Demanding efforts despite fewer migrants crossing the Mediterranean

Compared to last year, the first few months of the year saw a 70 per cent decrease in the number of migrants crossing the Central Mediterranean, where the Swedish Coast Guard and the police deploy crews during the winter months.

Border surveillance at sea is the primary remit of the Swedish crews, and we are authorised to take action to prevent smuggling of people and drugs. Our work is coordinated by Frontex and led by the authorities in the host country, in this case Italy. Migrants are detained on land by the Italian authorities, who register and interview them and investigate each individual’s options for remaining in the EU.

At least a hundred nautical miles across the sea

Recent weeks have seen the number of migrants increasing again as the weather has been calmer, but the voyage of at least a hundred nautical miles across the Mediterranean is often very unsafe. Under international law, all ships are obliged to assist in rescues at sea, including our crews.

“We’re always on alert, all situations are emergencies. We need to be vigilant, whether we’re towing the migrants’ boats to shore or allowing them to board our RIB,” says Helén. She is a member of a crew consisting of three Swedes and an Italian liaison officer, whose job is to liaise with the Italian authorities.

A particularly demanding operation took place on Saturday, 16 March. One of the Frontex surveillance helicopters alerted the crew to a steel boat that was motionless in the middle of the sea, inside the EU’s external border.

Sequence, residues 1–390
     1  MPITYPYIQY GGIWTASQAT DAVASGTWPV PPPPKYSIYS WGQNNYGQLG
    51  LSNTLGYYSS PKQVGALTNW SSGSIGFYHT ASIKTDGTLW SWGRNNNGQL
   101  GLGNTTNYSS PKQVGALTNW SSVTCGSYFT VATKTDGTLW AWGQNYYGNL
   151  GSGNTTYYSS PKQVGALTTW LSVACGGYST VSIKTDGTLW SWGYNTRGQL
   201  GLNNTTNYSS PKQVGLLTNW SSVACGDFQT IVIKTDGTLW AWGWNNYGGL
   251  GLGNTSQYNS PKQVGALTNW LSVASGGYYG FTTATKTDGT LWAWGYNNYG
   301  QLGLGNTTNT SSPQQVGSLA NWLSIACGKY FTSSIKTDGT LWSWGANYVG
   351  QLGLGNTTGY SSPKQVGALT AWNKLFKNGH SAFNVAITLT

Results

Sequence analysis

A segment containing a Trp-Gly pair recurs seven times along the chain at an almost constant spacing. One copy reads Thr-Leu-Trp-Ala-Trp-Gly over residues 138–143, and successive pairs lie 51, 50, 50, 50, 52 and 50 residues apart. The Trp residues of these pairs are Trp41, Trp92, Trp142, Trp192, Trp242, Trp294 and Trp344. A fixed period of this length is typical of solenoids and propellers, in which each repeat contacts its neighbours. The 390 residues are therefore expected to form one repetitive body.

“When we got there, we saw that the boat was completely overloaded with people and the freeboard was just one decimetre. There were men, women and children on board. We came up alongside their boat and loaded the children onto our boat first,” says Helén.

Migrant boat sank

When the migrants started moving, their boat quickly took on water and sank.

“It all happened very fast. Our boat was listing heavily, too. It was very unpleasant for a while, but then our boat straightened up. People were hanging from the fenders and each other, and we managed to get everyone out of the water.”

The helicopter came to the rescue after Niklas, the commanding officer, sent out a mayday. It made several sweeps of the area to make sure there was nobody else in the water. A total of 59 people were transported to Lampedusa.

“Everybody really helped out. Our liaison officer on board, whom we've worked with several times in the past, and the three of us from Sweden are a very close-knit team. We can work without having to talk to one another. Being on a Frontex mission is incredibly stimulating, it’s really added a different dimension to the work we do that we can use at home,” concludes Helén.

RIB KBV 475 is full of migrants after their boat sank. Photo: Frontex.

Many migrants turn up in steel boats that are in very poor condition. Photo: The Swedish Coast Guard.

Facts

Operation Themis, an operation that Sweden is participating in during the winter months of 2023–24, is a Frontex operation in the Central Mediterranean. Sweden is assisting Italian border guards on the island of Lampedusa by providing RIB KBV 475 and crews. A total of sixteen people from the Swedish Coast Guard and the Swedish Police Authority are working in Italy.

Frontex is the EU’s joint border and coastal surveillance agency, and its job is to coordinate operations at Europe’s sea, land and air borders. The Swedish units are led by host country authorities and are part of operations coordinated by Frontex.

The Central Mediterranean route, which includes Lampedusa, was the busiest route for migrants to the EU in 2023. 158,000 people were reported as having arrived via that route in 2023, but a 70 per cent decrease in the use of this route is reported for January and February this year compared to the same months last year.

The Swedish crews have escorted more than a thousand migrants to Lampedusa since the mission began in October 2023.

Changed 29 April 2024 16:13